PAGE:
Non-coverage means, of course, no reimbursement. Private insurers quickly adopted that same general approach to patients under 60 years of age.

Cervical did not get a non-coverage decision. For the last decade that decision dramatically affected sales of lumbar ADR vs cervical ADR.

Rick Phillips of Spinemarket, Inc. estimates that lumbar ADR is about half the level in the above table. Here is his estimate:

Source: Rick Phillips: Spinemarket, Inc.

Reimburser Animus to Lumbar TDR Has Cost U.S. Healthcare $11 Billion

Every year approximately 720,000 of the estimated 31 million Americans who experience back pain have spine surgery.

Total disc replacement, whether cervical or lumbar, represents 2% of spine surgery. Before CMS’ non-coverage decision, most analysts expected TDR’s to eventually capture 15-25% of the spine surgery market (depending on the analyst).

Had TDR, in fact, captured 15% of the spine surgery market, the number of procedures would be around 108,000 per year.

In terms of savings, that would have theoretically lowered spine surgery costs by $1.08 billion annually or $11 billion cumulatively since 2007.

Final Thoughts

As recently as May 1, 2017 the largest private health insurer in the United States, United Healthcare wrote the following about lumbar artificial discs:

“Lumbar artificial total disc replacement is unproven and not medically necessary for treating single or multiple level degenerative disc disease in skeletally mature patients. The long-term clinical outcome of lumbar disc replacement is unclear.”[3]

So we repeat…two decades and hundreds of clinical studies including several level 1 clinical trials, steady improvement in instruments, implants and patient selection and published support from two major spine surgeon societies begs three questions:

  1. Why do major health insurance carriers in the U.S. continue to describe lumbar disc arthroplasty as an experimental treatment and therefore refuse to provide reimbursement for lumbar disc arthroplasty even in patients who meet strict selection criteria?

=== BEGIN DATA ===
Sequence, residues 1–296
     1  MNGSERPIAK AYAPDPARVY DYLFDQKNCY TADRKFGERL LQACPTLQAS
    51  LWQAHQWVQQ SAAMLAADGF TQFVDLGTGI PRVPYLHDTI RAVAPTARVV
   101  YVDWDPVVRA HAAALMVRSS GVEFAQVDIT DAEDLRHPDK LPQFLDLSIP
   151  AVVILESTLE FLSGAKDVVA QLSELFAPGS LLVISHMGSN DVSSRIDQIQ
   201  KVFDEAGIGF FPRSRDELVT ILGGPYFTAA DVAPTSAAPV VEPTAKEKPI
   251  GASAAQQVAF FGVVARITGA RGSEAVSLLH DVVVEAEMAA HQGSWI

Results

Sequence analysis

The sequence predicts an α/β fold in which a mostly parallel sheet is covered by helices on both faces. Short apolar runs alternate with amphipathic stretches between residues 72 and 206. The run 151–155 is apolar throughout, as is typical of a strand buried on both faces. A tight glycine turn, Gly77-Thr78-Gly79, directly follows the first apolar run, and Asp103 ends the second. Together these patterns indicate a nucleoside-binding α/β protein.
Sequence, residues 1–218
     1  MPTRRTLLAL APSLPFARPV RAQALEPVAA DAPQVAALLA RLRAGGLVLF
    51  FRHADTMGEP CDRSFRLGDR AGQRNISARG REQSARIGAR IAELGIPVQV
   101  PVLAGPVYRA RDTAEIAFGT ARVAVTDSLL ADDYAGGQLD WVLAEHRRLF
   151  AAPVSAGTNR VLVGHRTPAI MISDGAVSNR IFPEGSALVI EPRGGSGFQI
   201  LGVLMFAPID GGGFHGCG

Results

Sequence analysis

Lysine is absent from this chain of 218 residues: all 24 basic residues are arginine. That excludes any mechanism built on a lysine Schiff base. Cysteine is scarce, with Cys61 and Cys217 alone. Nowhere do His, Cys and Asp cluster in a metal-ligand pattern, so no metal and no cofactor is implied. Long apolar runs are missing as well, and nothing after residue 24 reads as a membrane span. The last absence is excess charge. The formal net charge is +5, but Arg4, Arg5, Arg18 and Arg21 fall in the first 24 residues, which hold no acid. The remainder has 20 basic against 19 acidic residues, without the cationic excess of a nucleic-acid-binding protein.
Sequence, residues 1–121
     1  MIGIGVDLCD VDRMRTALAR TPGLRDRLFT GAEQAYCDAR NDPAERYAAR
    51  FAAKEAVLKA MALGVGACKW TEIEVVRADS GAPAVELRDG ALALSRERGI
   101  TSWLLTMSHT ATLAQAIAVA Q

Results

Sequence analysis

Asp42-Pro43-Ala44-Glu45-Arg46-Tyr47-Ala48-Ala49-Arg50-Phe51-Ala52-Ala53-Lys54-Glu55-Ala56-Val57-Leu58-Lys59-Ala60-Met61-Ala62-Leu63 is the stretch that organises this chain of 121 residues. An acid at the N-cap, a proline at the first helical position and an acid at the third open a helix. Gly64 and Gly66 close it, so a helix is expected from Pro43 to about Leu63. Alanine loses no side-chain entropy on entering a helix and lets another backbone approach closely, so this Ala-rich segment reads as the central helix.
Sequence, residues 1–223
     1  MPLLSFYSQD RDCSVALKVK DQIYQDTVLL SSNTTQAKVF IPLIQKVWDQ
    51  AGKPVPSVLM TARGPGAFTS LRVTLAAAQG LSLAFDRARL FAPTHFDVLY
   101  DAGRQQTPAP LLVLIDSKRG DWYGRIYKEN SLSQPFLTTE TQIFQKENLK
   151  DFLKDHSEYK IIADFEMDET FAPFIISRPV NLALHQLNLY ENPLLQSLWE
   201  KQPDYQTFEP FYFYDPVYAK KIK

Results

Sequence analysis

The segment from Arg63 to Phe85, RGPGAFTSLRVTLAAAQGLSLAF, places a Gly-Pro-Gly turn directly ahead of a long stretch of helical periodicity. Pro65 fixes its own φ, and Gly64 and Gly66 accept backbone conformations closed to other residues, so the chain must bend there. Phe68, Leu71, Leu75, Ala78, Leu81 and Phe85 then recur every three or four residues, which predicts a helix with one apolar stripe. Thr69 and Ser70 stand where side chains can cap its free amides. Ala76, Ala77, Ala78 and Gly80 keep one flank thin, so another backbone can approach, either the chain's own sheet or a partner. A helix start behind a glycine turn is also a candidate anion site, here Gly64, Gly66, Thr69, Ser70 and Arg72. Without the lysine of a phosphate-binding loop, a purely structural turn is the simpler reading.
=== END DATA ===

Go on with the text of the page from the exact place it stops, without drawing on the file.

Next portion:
2. Why are payers denying an effective and well documented treatment for millions of Americans with chronic and debilitating lumbar or cervical degenerative disc disease?
  3. Why, finally, are major health insurers wasting so much money when they could be saving approximately $10k per case with LADR?

 


Selection of NEW Disc Arthroplasty Studies Published in 2016

Source: RRY Publications and public documents

Cost analysis of anterior-posterior circumferential fusionand transforaminal lumbar interbody fusionTate M. Andres, BS*, Justin J. Park, MD, Pedro A. Ricart Hoffiz, MD, Brian J. McHugh, MD,Daniel T. Warren, MD, Thomas J. Errico, MDDivision of Spine Surgery, Department of Orthopaedic Surgery, NYU Hospital for Joint Diseases, 301 East 17th St, New York, NY 10003, USAReceived 17 January 2012; revised 25 September 2012; accepted 17 November 2012

Cost analysis of anterior-posterior circumferential fusion and transforaminal lumbar interbody fusion (PDF Download Available). Available from: https://www.researchgate.net/publication/235375117_Cost_analysis_of_anterior-posterior_circumferential_fusion_and_transforaminal_lumbar_interbody_fusion [accessed May 23, 2017].

Determining the Drivers of Cost for Elective Laminectomy and Fusion for Lumbar Degenerative Disease Chotai, Silky et al. The Spine Journal, Volume 16, Issue 10, S141


[1] Cost analysis of anterior-posterior circumferential fusion and transforaminal lumbar interbody fusion Tate M. Andres, BS*, Justin J. Park, MD, Pedro A. Ricart Hoffiz, MD, Brian J. McHugh, MD, Daniel T. Warren, MD, Thomas J. Errico, MD Division of Spine Surgery, Department of Orthopaedic Surgery, NYU Hospital for Joint Diseases, 301 East 17th St, New York, NY 10003, USAReceived 17 January 2012; revised 25 September 2012; accepted 17 November 2012
[2] Determining the Drivers of Cost for Elective Laminectomy and Fusion for Lumbar Degenerative Disease Chotai, Silky et al. The Spine Journal , Volume 16 , Issue 10 , S141
[3] https://www.unitedhealthcareonline.com/ccmcontent/ProviderII/UHC/en-US/Assets/ProviderStaticFiles/ProviderStaticFilesPdf/Tools%20and%20Resources/Policies%20and%20Protocols/Medical%20Policies/Medical%20Policies/Artificial_Total_Disc_Replacement_for_the_Spine.pdf